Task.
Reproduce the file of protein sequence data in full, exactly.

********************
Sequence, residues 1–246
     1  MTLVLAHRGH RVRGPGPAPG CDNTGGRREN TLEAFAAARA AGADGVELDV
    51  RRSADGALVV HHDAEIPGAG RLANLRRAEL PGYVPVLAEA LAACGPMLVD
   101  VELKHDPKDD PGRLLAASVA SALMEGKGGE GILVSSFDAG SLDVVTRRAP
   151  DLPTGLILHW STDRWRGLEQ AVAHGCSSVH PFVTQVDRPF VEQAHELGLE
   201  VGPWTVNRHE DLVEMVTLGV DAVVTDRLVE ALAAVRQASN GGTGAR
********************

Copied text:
Sequence, residues 1–246
     1  MTLVLAHRGH RVRGPGPAPG CDNTGGRREN TLEAFAAARA AGADGVELDV
    51  RRSADGALVV HHDAEIPGAG RLANLRRAEL PGYVPVLAEA LAACGPMLVD
   101  VELKHDPKDD PGRLLAASVA SALMEGKGGE GILVSSFDAG SLDVVTRRAP
   151  DLPTGLILHW STDRWRGLEQ AVAHGCSSVH PFVTQVDRPF VEQAHELGLE
   201  VGPWTVNRHE DLVEMVTLGV DAVVTDRLVE ALAAVRQASN GGTGAR